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Reflections on NPEs past and present: From the Chicago Stockyards to talking mice

Chicago Stockyard Industrial Park gate
Allan Griff started attending NPE back when it was held in the Chicago Stockyards exhibition area. A lot has changed since then, but the essentials remain the same.

Before I start talking about NPEs old and new, I’ll remind you, as I do each month, that there are no toxic plastics. None of them. We do far more good than harm to our people and our Earth. The powerful antiplastics tide is a result of the uneasiness that all science creates (in this case, mainly chemistry) because science challenges the beliefs in the impossible that we need to stay sane and functional. The plastophobes are not stupid nor uneducated; they are scared, and they include some of us.

Image courtesy Zol87 [CC BY-SA 2.0] via Wikimedia Commons.

My first NPE was in the Chicago Stockyards exhibition area back in 1958. There were new molding machines with screws instead of plungers, extrusion lines making the same things they make now—mostly pipe and film—and the usual auxiliary machinery. They still had analog displays and clipboard-based data acquisition systems, by which I mean a man with a clipboard writing down data once an hour (maybe). A major difference was the prominence of the resin makers, who had big stands designed to attract and hold visitors. These stands included glass cases with products made from the exhibitors’ resins. The show was then, as it is now, a good place to meet people with similar interests, even without appointments.

That held for evenings, too, as many companies kept hotel suites open until 8 or 9 in the evening, with open bars, plenty of food and the chance to meet technical people who would not normally be on the stands. 

The 1963 show in Chicago’s then brand-new McCormick Place will never be forgotten, as it was on Friday of that week, Nov. 22, that JFK was assassinated in Dallas. As I came into the main entrance, I saw people clustered around a bar TV, and I soon learned what had happened. It was around noon but as they say in the theater, the show must go on, and it did. Most people had traveled a long way to be there, and although it was less crowded and some exhibitors tore down stands early, we could still get to see the machinery and products. And in Connecticut, that day marked the first extrusion trials of foamed polystyrene sheet, but that’s another story!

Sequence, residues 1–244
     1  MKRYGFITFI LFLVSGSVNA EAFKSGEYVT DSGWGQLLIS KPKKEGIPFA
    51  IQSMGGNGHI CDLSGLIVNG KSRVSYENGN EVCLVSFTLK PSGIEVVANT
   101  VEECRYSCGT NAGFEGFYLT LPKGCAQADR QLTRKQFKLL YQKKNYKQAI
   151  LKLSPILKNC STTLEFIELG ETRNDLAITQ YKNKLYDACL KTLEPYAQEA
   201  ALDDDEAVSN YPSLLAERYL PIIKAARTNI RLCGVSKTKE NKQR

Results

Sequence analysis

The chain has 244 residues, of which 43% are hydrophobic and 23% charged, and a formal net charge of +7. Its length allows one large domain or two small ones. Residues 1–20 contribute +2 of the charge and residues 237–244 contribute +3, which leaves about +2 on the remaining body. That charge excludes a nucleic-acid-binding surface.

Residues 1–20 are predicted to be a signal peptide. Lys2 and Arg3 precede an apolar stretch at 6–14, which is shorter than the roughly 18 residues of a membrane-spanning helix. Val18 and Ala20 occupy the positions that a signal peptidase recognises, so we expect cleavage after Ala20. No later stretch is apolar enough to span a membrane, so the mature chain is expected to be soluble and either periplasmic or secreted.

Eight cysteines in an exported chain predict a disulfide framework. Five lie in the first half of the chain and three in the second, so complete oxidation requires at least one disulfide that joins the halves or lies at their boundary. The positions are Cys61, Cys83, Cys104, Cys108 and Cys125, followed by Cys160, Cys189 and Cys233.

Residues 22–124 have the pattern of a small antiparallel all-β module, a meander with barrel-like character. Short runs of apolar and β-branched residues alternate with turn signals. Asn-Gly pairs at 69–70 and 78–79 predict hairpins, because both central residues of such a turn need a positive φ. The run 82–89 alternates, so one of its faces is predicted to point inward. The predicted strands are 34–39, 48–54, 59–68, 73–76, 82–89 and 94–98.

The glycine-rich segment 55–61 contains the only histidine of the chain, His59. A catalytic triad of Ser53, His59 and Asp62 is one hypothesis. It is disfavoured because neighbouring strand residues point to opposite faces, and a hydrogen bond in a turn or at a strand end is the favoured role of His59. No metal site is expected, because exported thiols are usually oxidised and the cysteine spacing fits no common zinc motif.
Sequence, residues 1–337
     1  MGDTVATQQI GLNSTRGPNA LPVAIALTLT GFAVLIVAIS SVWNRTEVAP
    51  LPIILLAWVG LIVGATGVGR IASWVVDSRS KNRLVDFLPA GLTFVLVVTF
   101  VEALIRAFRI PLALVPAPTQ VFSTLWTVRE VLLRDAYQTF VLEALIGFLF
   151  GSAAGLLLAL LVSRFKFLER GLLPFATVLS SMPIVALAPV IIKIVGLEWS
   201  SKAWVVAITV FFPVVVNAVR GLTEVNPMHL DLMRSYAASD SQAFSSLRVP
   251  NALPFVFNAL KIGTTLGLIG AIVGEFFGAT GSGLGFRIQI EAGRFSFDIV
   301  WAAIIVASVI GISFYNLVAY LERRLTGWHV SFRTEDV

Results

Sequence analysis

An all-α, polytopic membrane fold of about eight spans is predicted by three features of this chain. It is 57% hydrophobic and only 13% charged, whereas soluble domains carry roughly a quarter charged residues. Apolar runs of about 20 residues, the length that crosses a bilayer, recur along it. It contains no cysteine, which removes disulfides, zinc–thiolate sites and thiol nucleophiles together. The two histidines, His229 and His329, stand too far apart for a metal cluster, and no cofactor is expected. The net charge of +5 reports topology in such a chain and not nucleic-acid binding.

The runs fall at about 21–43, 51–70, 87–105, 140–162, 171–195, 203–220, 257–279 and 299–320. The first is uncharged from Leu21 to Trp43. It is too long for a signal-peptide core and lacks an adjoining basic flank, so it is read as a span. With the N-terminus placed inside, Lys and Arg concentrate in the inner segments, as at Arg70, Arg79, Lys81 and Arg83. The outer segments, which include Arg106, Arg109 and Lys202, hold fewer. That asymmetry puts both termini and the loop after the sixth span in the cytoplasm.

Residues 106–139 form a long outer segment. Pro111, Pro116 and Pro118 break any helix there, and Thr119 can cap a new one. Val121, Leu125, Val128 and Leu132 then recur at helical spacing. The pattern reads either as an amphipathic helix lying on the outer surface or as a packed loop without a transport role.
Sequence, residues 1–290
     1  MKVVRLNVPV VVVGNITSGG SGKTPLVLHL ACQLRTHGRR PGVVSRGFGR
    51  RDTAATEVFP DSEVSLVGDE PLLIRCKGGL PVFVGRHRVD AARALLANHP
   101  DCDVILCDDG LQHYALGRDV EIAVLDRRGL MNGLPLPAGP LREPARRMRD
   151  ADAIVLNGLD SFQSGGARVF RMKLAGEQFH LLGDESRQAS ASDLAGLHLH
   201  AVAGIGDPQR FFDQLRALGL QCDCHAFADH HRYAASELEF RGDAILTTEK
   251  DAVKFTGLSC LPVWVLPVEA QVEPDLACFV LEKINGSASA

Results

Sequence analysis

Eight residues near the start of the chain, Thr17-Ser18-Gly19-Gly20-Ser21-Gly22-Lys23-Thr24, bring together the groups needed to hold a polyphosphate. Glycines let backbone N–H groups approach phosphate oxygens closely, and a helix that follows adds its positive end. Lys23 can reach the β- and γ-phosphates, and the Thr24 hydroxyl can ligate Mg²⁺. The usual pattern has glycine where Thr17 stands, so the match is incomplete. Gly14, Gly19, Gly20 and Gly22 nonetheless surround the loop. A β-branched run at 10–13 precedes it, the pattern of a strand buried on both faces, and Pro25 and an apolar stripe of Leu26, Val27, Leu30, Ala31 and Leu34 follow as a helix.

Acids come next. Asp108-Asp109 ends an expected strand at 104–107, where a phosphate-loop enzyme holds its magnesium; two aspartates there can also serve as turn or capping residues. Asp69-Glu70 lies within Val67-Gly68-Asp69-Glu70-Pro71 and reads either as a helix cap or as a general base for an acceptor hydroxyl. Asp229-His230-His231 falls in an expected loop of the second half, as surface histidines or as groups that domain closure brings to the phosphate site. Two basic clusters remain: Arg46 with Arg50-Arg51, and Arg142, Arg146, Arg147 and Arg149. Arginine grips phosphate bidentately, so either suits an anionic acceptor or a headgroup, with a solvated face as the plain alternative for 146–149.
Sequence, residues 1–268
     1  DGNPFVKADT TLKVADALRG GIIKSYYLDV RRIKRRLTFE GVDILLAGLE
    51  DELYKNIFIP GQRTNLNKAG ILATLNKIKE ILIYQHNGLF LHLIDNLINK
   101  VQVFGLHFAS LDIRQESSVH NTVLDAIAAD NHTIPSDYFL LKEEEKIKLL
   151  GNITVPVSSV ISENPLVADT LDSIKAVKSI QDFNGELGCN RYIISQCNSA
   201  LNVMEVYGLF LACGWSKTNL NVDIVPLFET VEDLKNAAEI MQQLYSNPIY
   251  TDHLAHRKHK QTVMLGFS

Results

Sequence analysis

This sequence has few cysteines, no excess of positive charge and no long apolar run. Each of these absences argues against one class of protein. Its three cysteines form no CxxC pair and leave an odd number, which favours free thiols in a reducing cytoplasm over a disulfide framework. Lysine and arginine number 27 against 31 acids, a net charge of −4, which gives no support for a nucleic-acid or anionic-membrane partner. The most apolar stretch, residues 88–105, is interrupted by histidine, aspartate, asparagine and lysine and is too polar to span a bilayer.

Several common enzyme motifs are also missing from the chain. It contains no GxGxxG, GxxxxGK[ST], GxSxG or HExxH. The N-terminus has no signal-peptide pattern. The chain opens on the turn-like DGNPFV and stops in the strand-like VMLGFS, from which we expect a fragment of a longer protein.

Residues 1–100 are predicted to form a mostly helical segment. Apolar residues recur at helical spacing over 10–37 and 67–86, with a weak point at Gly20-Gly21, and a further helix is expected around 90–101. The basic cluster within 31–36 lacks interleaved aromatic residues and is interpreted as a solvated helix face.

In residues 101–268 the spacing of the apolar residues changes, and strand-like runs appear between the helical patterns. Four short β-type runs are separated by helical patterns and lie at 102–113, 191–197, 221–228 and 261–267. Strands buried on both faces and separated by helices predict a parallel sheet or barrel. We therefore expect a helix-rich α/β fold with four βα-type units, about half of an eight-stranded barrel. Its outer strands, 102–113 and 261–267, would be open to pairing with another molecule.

From the 1970s through 2009, the show stayed in Chicago, getting bigger and bigger, but still serving the same people and purposes. Controls got more complex and extruder motors changed from DC to AC, but the basic principles of plastics processing remained (and remain) the same. As for materials, there were a few new resins that grew in sales volume, notably PET in beverage bottles, a resin already known as a textile fiber, oriented film and engineering plastic. PP and LLDPE were known by then, but saw great growth across this period, which meant more and more varieties, including copolymers, alloys and blends of these and other resins.

I have always been interested in artists’ image of plastics, so around 1985 I got permission for a group of 16 students from the School of the Art Institute of Chicago to visit the show. I took them around the machinery halls so they could see film made and crates molded. I told them about the creative heritage of the first thermoplastic (cellulose nitrate = celluloid) and later works, especially with acrylics in the 1920s, and the design possibilities that our materials allowed. I don’t know how much of it stuck, but I tried, and I hope that some of you readers try the same.

The NPE shows reflected the growing awareness of our limited resources and the relation to the environment, which became a useful theme to attract visitors’ attention. Recycling and recycled content grew in importance as they reduced our production (material) costs. Bioplastics (a fuzzy word like sustainability) still make news but their volumes are still drips, if not drops, in our bucket. That could change if biobased polymers get into beverage packaging, and especially if our industry develops cost-competitive and eco-positive plastics from agricultural waste and nonfood plants (grasses).

Since 2012, NPE has been in Orlando, FL, as big or bigger than ever, with all those popular activities competing with the show for your time and attention. To make matters worse/better, SPE now co-locates its annual technical conference at the same time and place. Planning for this week to get the most value from your visit is like a military campaign. It’s a week you won’t forget. And don’t forget, too, that mice don’t talk, not even in Orlando. Magic, yes, but don’t believe it.

NPE2018 comes to the Orange County Convention Center in Orlando, FL, on May 7 to 11.

Allan Griff is a veteran extrusion engineer, starting out in tech service for a major resin supplier, and working on his own now for many years as a consultant, expert witness in law cases and especially as an educator via webinars and seminars, both public and in-house. He wrote the first practical extrusion book back in the 1960s as well as the Plastics Extrusion Operating Manual, updated almost every year, and available in Spanish and French as well as English. Find out more on his website,, or e-mail him at [email protected].

Griff will present a live seminar in Costa Mesa, CA, on March 6. If you can’t attend his live event, he offers a Virtual Seminar, which can be seen at any time, anywhere. E-mail Griff at the address listed above for more information.

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